Many Ways to Be Deaf: International Variation in Deaf
THE CHIYING SCHOOL IN THE EARLY 1990s
The Physical Appearance of the Chiying School
The two-story school was constructed largely of cement. It was roughly U-shaped, with classrooms, dining area, and dormitory space on two wings and the administrative offices on the other. There were a few air conditioners and fans in various locations, and an old automatic washer. Some of the classrooms were carpeted, and the teachers and students entered those classrooms without their “slippers”—plastic or rubber sandal-like footwear. Most of the classrooms had prominently placed televisions and VCRs. The school owned a computer, which one or two teachers used regularly.
The school had a well-worn appearance that bespoke a proud but difficult history. The privately controlled and funded Chiying School was indeed struggling, and this struggle was not the first financial challenge it had faced (Smith 1999). Its current travails, I learned, contrasted the situations of the better-funded government-run schools for the deaf in the other Taiwanese cities of Taipei, Tainan, and Taichung. The Chiying School somehow continued its work in the face of difficulties. The school was apparently known for accepting and attempting to educate some of the most unfortunate of Taiwan’s children.
The Setup of the Classes
The Chiying School began as a school for the deaf, but over the years, enrollment of deaf students had declined, necessitating that the school also accept developmentally disabled students. Everyone in the school—members of the administration, staff members, and students themselves—perceived the deaf students as having very different educational needs from the developmentally disabled students, who, thus, were taught in separate classrooms and on separate floors. The deaf students were often scandalized by some of the behavior of the developmentally disabled children and were blunt about their disapproval. However, the deaf children seemed to take the view that the developmentally disabled children were not as responsible for their behavior as they themselves would have been.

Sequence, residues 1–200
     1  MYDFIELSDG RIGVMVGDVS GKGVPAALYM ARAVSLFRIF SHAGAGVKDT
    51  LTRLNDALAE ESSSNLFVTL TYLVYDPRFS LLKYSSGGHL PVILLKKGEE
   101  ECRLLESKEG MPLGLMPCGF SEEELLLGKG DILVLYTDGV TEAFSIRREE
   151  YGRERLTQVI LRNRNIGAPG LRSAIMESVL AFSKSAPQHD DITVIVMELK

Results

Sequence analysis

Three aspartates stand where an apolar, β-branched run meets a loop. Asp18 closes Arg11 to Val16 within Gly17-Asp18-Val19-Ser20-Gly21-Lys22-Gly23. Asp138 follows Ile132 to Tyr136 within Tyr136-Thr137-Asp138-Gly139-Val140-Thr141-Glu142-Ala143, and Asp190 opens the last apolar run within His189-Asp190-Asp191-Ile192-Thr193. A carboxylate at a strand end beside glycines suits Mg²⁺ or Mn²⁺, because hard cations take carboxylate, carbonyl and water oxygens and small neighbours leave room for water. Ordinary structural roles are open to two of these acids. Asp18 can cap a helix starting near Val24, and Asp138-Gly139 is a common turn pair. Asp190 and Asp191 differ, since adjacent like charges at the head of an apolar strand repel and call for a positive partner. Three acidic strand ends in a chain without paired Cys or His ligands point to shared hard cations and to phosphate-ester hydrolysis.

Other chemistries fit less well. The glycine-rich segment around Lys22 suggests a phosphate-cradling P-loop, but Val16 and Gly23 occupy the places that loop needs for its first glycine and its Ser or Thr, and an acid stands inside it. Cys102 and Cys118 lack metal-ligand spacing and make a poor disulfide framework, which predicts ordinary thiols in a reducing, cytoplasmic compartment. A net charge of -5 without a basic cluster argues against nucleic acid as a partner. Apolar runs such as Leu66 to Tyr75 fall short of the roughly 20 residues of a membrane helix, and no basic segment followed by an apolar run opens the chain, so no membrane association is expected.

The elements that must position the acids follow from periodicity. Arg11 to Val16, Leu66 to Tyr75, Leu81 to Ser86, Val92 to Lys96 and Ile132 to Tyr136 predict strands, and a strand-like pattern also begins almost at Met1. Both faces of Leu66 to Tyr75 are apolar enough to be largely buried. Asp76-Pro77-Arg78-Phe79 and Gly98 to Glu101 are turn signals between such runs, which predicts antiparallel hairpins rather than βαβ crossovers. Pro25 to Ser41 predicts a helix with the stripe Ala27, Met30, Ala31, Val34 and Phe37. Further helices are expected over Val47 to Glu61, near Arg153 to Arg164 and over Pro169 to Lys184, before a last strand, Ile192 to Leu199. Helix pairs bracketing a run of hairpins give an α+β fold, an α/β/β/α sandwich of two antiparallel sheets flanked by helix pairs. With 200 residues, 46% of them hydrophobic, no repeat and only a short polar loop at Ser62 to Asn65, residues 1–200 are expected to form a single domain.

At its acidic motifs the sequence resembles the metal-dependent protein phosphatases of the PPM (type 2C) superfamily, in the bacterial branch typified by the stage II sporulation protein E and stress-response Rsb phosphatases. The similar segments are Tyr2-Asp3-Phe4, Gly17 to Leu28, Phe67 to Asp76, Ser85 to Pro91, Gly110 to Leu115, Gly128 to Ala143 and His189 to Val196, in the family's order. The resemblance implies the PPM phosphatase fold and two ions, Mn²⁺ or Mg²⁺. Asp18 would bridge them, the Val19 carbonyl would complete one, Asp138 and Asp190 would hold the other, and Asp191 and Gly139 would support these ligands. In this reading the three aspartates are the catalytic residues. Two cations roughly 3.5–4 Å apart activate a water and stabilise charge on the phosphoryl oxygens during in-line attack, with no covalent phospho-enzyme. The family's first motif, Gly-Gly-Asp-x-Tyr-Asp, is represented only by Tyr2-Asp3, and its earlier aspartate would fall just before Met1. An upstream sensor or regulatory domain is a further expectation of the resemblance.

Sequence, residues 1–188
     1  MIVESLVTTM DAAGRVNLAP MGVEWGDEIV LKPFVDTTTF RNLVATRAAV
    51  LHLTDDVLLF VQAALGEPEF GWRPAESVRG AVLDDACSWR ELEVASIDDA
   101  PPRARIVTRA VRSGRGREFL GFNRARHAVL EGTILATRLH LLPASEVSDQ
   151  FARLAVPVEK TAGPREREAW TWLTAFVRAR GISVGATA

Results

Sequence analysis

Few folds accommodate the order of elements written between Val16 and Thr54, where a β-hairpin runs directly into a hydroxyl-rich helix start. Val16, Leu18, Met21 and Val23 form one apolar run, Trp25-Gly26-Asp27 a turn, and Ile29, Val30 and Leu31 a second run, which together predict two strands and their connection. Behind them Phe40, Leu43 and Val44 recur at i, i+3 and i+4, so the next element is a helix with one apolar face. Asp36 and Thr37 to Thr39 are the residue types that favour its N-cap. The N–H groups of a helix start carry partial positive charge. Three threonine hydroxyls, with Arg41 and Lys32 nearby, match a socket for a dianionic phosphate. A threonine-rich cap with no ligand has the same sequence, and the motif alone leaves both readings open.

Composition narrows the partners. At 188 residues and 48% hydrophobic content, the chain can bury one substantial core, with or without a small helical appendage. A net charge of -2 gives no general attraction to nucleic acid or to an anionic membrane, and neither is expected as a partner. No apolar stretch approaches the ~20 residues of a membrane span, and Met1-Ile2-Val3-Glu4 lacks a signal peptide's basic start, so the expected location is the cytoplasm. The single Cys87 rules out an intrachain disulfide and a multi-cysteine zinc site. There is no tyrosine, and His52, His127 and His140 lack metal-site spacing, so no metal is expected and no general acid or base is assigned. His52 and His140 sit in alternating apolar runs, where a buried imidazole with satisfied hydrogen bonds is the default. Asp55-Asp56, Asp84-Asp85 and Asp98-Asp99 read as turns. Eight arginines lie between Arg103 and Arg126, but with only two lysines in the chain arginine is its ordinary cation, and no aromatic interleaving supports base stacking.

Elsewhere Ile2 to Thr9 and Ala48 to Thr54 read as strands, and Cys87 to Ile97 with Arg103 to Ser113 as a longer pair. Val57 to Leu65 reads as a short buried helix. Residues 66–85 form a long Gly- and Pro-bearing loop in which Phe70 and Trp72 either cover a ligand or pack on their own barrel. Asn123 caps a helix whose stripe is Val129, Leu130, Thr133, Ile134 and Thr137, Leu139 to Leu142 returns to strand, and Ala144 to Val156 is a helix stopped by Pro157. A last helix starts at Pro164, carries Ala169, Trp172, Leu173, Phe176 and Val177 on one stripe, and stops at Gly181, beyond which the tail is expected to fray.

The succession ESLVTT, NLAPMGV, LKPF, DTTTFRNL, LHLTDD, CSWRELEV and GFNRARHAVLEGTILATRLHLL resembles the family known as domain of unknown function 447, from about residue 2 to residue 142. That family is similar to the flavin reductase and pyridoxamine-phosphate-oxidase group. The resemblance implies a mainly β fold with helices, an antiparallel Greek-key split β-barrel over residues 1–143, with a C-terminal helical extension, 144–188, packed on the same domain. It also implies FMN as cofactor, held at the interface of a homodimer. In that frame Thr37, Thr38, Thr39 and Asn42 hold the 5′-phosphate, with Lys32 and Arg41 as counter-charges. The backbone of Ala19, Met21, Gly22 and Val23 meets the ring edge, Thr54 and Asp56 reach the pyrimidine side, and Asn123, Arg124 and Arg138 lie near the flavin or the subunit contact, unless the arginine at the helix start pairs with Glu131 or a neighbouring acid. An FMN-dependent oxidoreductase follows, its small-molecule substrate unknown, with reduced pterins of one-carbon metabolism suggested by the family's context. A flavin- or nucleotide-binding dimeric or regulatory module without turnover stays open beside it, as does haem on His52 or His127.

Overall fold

Smith (1999) reports that about 100 students per year enrolled at Chiying in the 1970s. The school that I saw in the early 1990s greatly resembled his description of the school in the 1970s, except for the fact that, by the 1990s, enrollment had gone down to about 65–75. The Chiying School offered classes for deaf children and developmentally disabled children from first to sixth grade. Occasionally, students who were much older than the appropriate age for the grade appeared in the classrooms. Several of the deaf staff people told me about friends and acquaintances who had, for example, begun school at age 13 and graduated from sixth grade at age 19. Ten to 15 students boarded at the school during the time that I was there; perhaps another 55 to 60 children from the Kaohsiung area commuted to the Chiying School daily. Some students took a bus sent out by the school, and others arrived at the school by means of public buses and alternate means of transportation. Many of the people in the Tsoying area, such as shop owners, were familiar with the school, partially because over the years, the school had maintained a bakery that supplied baked goods to eating establishments in the area.
When I was at the Chiying School, both deaf and hearing teachers worked there, which, I was told, had been the case since the school’s inception. In fact, the descriptions of the faculty compositions at not only the Chiying School but also the other schools that Chiang Ssu Nung established suggest that this situation was correct (Smith 1999).2 The Chiying School apparently took care of its own, hiring some graduates for positions such as teachers and bakers. Over the weeks, as I met the people at the school, I observed that all of them had a conscious appreciation for Chiang Ssu Nung’s contribution to deaf life with the establishment of the Chiying School. Although they did not see him regularly or often, they seemed to feel respect and fondness for him.